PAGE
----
Teck Resources Ltd. (TSX:TCK.B) said Monday it will pay $8.50 cash for each SilverBirch (TSX:SBE) share plus one share of a new spin-out firm, to be called SilverWillow Energy Corp.
Teck will also contribute $25 million of working capital to SilverWillow.
Once the deal closes, Teck would have 100 per cent interests in the Frontier and Equinox projects, as well as a nearby property called Twin Lakes.
SilverWillow, to be staffed by the current SilverBirch team, would have the early-stage Audet, Birch Mountains and Jordan properties.
The move expands Teck's oilsands business and allows it to use the truck-and-shovel open-pit mining expertise it's honed by mining coal, copper and zinc.
"The Frontier ownership structure is simplified, our exposure to oilsands leases not amenable to mining is reduced and Teck now has the opportunity to explore new potential partnerships and other alternatives to move Frontier towards development," CEO Don Lindsay said in a release.
All of the assets left with SilverWillow, on the other hand, require in-situ techniques in which steam, solvents or both are pumped underground to melt the bitumen so it's thin enough to flow to the surface.
The cash portion of the deal marks a 31 per cent premium to the average volume-weighted SilverBirch share price over the past 20 days on the Toronto Stock Exchange.
On Monday afternoon, SilverBirch shares soared more than 33 per cent to $9.60 on the TSX. Teck shares dropped 1.7 per cent, or 64 cents, to $37.71.
The deal mimics a transaction 15 months ago that brought SilverBirch into existence.
When UTS Energy Corp. was acquired by Total E&P Canada in 2010, all of its lands outside its flagship Fort Hills oilsands mine were spun out into SilverBirch.
Teck and Total now each hold a 20 per cent stake in the yet to be developed Fort Hills project, controlled by Suncor Energy, (TSX:SU), Canada's largest oil and gas company.
SilverBirch began exploring strategic deals just a few months after its inception in the fall of 2010, CEO Howard Lutley said on a conference call to discuss the proposed deal.
At first, the focus was on studying SilverBirch's properties to find out how much oil they contain.
"By sort of mid-year we had some additional information. We had a pretty good understanding of the scale of the opportunity of Audet," said Lutley, adding that around the same time it had come up with an updated cost estimate for Frontier and Equinox.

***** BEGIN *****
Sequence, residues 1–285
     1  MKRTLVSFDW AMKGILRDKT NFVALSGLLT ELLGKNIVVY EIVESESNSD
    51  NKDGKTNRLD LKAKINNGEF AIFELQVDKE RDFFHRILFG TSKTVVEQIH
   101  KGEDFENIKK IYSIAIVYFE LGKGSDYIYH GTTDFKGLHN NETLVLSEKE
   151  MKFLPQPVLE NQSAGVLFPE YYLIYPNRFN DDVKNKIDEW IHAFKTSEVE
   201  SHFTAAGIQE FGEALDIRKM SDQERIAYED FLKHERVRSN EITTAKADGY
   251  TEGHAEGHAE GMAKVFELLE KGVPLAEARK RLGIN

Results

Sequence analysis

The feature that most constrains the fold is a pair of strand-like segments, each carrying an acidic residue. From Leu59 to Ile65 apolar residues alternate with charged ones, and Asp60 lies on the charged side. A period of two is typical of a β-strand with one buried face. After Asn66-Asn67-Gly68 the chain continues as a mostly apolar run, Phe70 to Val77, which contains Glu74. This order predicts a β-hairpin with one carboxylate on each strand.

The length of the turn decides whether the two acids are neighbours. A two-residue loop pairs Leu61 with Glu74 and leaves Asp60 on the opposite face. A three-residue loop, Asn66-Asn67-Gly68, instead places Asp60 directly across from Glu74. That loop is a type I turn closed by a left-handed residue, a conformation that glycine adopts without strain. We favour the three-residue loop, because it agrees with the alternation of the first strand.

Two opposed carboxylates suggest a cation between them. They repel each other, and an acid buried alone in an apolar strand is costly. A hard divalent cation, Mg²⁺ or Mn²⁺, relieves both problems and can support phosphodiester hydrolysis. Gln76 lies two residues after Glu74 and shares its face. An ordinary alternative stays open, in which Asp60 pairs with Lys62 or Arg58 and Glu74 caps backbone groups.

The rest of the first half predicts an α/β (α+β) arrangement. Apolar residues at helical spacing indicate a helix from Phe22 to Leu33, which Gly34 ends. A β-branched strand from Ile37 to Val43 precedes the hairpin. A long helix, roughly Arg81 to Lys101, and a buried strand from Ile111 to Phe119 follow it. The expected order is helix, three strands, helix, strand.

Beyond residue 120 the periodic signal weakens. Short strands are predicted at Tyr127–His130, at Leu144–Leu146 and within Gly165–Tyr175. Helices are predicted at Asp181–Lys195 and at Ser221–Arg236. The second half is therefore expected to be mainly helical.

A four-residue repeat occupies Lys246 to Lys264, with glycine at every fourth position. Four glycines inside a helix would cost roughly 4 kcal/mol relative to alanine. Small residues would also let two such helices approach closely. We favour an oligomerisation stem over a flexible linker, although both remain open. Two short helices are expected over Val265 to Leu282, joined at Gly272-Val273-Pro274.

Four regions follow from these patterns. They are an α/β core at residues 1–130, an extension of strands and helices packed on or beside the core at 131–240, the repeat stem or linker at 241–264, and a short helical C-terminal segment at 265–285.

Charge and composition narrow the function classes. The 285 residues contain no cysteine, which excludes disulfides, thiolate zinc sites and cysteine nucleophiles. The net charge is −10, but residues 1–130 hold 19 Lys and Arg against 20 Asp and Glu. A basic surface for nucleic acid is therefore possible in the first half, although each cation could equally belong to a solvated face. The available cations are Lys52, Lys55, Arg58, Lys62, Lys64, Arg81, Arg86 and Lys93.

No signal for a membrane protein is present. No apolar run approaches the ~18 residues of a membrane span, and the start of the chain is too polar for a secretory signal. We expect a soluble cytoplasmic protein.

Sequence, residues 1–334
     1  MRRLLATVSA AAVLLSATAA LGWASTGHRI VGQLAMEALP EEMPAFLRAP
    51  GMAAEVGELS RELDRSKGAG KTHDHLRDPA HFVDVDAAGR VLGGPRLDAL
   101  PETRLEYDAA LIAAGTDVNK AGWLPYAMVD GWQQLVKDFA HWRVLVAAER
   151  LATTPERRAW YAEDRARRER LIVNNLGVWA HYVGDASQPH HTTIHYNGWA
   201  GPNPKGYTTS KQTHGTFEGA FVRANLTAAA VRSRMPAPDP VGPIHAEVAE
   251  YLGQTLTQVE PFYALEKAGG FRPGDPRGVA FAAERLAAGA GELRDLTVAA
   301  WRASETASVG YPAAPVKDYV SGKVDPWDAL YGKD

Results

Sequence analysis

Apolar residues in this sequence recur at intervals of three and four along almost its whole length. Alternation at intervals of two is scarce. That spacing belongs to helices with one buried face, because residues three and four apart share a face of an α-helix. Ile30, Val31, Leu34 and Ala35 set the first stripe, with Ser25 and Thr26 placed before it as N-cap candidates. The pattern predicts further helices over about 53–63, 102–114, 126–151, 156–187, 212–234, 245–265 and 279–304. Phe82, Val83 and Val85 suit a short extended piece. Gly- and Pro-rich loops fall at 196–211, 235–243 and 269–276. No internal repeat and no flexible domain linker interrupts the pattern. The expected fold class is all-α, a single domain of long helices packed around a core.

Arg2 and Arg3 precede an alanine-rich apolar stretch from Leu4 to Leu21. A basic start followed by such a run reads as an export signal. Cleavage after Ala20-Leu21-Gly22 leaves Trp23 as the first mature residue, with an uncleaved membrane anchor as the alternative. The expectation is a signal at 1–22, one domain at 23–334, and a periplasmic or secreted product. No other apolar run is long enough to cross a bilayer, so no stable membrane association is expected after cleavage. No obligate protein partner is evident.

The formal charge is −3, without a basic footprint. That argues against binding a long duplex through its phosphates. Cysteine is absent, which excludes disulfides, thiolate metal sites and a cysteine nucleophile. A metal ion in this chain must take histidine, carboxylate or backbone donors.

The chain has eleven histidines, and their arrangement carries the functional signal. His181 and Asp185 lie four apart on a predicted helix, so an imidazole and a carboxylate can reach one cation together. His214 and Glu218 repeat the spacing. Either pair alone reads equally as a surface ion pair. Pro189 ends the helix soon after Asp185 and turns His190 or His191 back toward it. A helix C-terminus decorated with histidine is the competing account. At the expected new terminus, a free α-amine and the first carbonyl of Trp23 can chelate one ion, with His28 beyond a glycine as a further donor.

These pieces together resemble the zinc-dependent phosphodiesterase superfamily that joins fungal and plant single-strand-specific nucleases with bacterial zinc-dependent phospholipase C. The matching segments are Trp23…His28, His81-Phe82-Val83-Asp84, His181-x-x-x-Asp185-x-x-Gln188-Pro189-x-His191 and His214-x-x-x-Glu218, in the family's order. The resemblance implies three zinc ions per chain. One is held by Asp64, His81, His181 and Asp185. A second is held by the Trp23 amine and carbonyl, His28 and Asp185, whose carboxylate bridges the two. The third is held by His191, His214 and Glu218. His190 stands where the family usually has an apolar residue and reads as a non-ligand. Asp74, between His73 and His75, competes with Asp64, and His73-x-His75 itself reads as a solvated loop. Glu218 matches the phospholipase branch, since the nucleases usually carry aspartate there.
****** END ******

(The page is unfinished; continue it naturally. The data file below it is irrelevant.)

While SilverBirch was negotiating potential changes to its partnership agreement with Teck, financial advisers were undertaking a "low key" search for other opportunities for deals.
"Just two days before Christmas, Teck came back with the offer that we were looking at now, rather than proceed with the partnership approach," said Lutley.
SilverBirch's management team would move over to SilverWillow, which would trade on the TSX Venture Exchange.
"So you'll have the same experienced leadership team with its proven exploration and development record working for the shareholders in SilverWillow," said Lutley.
"We'll also have a work plan focused on doing what we do best," which is exploring properties, moving them through regulatory and engineering stages and deciding whether to advance them, he added.
The transaction has the support of SilverBirch's board and two major shareholders, and is expected to close in late March or early April.
Teck is a diversified miner producing steelmaking coal, zinc, copper and energy. The company's energy business includes the 20 per cent stake in the Fort Hills project and a 50 per cent interest in the Frontier project in the Athabasca region of northern Alberta.
The Frontier project is expected to produce more than 277,000 barrels of bitumen a day and about 2.8 billion barrels are slated to be produced over the anticipated 30-year life of the project.